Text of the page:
The Rolling Stones and the influence of Chicago Blues


How did one of the world's biggest bands of all time get their name?

 

"So what are you called?" enquired a reporter from Jazz News during a phone call in 1962 with band guitarist Brian Jones. Spying an LP strewn on the floor by blues musician Muddy Waters, Jones glanced at the tracks and read out one of their names: "Rollin' Stone". Responsible for more than just the band's name, Father of the Chicago blues Muddy Waters was a huge inspiration for the Stones' distinctive sound; he produced "the most powerful music ever heard", in Keith Richards' words, "the most expressive".

 

Discover Muddy Waters and other masters of the Chicago blues with playlists on Classical.com. From that immortal track Rollin' Stone to big-voiced Howlin' Wolf, share the rhythm & blues tracks that inspire you.

 

 

 

 

In June 1962 the Rolling Stones gave us (I Can't Get No) Satisfaction. This mega-hit spent four weeks at the top of the US charts and propelled the band to worldwide fame as the undisputed kings of rock & roll. Critic Robert Palmer felt that the band found enduring success by remaining "rooted in traditional verities, in rhythm-and-blues and soul music". Influences on the Rolling Stones came from American rhythm & blues, especially the Chicago blues, much loved by Mick Jagger and Keith Richards. The trademark "talking blues" style of singer-songwriter and guitarist John Lee Hooker inspired the idiosyncratic blues sound heard in Rolling Stones tracks. Then, of course, there was Bo Diddley a.k.a. 'The Originator', a nickname that recognized his key role in the musical evolution from blues to rock & roll. His driving rhythms and hard-edged guitar sound seemed to speak truth to Jagger and Richards. The band's predilection for the blues fused with their love of rock & roll pioneers like Chuck Berry eventually gave us the Stones songs we love today, from Brown Sugar and Paint It Black to Angie and Gimme Shelter.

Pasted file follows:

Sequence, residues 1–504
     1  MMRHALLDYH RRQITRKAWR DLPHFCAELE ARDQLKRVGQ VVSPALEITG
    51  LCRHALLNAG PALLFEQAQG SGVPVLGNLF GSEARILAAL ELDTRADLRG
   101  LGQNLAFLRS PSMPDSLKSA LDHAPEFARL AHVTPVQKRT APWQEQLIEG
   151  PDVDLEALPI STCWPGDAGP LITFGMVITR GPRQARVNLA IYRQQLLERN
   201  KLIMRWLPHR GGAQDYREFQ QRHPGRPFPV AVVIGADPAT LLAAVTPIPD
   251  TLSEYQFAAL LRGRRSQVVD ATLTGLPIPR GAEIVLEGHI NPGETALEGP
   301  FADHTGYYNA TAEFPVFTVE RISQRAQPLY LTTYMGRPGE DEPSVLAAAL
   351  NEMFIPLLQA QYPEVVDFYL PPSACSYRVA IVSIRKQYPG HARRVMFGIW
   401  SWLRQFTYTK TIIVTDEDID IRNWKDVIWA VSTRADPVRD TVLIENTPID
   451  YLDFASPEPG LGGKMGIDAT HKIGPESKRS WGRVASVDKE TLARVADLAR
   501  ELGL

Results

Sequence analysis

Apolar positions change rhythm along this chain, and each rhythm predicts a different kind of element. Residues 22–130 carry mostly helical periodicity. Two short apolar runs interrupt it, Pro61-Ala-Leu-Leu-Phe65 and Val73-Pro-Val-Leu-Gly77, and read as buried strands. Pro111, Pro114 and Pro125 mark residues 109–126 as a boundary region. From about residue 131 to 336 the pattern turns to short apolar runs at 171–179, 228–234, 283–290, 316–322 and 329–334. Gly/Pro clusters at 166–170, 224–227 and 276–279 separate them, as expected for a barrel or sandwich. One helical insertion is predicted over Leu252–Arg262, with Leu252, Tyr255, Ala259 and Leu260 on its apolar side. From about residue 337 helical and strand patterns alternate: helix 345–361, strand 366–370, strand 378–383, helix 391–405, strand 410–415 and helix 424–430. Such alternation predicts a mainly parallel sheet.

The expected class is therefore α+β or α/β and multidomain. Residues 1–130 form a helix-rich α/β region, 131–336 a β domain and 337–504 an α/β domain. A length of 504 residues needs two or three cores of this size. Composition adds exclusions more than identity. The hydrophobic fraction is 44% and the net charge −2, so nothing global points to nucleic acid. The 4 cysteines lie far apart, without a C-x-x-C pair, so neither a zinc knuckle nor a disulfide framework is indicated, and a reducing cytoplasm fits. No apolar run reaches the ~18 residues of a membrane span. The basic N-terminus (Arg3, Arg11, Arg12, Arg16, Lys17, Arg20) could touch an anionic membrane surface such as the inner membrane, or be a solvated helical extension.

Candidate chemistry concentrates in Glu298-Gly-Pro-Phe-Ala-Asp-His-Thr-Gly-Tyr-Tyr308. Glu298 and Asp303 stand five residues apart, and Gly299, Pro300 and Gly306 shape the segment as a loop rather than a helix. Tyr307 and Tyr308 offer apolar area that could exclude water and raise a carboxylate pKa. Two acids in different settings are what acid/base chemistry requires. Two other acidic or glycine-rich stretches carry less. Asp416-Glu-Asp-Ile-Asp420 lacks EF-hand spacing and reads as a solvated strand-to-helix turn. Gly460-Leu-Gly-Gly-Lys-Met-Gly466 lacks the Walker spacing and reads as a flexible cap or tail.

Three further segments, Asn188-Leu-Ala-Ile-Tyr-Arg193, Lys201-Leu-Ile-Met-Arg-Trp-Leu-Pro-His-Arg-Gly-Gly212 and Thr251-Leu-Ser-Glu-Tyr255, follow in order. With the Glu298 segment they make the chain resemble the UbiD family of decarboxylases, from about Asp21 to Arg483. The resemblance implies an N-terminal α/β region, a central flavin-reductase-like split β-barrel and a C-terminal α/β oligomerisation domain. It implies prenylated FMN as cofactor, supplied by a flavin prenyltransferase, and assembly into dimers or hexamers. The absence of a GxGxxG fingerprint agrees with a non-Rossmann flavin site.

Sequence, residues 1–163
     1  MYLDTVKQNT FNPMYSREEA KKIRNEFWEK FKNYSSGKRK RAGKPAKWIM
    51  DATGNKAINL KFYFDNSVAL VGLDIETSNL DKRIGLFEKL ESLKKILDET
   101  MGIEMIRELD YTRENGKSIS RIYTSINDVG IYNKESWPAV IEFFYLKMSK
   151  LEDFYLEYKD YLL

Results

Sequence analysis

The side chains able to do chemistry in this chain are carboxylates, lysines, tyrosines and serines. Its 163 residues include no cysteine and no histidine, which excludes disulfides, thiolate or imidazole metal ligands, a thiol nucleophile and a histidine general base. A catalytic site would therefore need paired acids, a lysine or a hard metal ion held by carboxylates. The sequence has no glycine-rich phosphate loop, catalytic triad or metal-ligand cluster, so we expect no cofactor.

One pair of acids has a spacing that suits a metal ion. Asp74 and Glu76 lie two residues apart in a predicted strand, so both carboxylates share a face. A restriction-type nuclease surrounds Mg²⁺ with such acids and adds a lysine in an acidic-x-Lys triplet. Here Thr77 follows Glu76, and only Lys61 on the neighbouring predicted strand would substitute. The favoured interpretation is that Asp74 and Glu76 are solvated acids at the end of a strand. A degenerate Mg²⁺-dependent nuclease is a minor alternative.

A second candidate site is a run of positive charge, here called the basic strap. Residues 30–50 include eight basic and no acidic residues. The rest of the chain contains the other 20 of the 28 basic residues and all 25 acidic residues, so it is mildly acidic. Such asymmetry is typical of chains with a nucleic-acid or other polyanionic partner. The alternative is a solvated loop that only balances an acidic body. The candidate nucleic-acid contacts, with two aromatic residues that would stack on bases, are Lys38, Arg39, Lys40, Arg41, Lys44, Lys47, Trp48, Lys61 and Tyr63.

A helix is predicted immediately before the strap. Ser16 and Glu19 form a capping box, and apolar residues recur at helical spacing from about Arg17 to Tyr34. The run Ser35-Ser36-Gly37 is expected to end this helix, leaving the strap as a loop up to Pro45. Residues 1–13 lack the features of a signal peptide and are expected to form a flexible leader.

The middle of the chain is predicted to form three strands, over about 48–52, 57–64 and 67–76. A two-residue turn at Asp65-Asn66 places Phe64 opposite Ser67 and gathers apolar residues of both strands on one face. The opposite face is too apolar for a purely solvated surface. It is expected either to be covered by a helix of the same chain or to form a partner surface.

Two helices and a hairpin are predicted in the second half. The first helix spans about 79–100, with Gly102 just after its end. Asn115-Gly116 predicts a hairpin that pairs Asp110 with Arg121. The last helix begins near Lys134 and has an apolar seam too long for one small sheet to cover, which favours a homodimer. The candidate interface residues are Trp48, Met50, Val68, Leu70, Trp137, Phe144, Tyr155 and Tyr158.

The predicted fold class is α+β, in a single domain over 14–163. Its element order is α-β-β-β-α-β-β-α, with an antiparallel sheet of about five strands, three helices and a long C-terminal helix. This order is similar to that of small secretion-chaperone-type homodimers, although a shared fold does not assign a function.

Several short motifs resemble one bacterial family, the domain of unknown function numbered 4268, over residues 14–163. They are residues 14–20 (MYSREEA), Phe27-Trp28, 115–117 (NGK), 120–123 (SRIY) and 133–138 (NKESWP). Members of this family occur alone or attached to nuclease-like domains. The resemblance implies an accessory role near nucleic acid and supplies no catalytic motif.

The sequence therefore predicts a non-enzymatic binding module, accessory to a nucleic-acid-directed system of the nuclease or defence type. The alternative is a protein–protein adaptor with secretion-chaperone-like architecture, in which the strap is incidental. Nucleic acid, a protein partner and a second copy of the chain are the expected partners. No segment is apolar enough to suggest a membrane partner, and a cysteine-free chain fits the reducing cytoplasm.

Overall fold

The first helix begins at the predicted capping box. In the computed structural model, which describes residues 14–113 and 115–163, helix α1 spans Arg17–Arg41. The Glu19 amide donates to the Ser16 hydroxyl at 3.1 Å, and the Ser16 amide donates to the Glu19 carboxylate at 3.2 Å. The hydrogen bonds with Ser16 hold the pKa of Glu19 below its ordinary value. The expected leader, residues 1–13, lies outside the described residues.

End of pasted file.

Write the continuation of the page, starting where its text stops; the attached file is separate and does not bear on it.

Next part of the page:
This brilliant recording of Bo Diddley live in 1984 conjurs up all the rock & roll glamour of a Rolling Stones gig and showcases The Originator's supreme mastery of blues rhythms.

 

 

 

Listen out for hints of the definitive Rolling Stones sound in tracks like Stand By and We're Cooking in this album entitled Nothing But The Blues by John Lee Hooker.

 

 

 

The ubiquitous blues genre, so influential for 20th century music, is defined by the idiosyncrasies of individual performances, giving us an innumerable variety of recordings each with their own unique sound. Explore its many shades from Memphis Slim to David 'Fathead' Newman with this selection of music.